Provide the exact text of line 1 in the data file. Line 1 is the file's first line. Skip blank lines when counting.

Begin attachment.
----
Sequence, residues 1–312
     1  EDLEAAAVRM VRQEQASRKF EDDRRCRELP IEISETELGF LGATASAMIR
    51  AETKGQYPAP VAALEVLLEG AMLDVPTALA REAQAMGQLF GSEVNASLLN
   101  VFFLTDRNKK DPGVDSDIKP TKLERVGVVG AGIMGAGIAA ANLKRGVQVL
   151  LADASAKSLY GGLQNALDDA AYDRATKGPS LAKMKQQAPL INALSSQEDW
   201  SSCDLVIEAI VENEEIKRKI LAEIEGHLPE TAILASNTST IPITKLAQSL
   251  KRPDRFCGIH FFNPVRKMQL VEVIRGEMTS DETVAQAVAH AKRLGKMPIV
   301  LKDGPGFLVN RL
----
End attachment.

Sequence, residues 1–312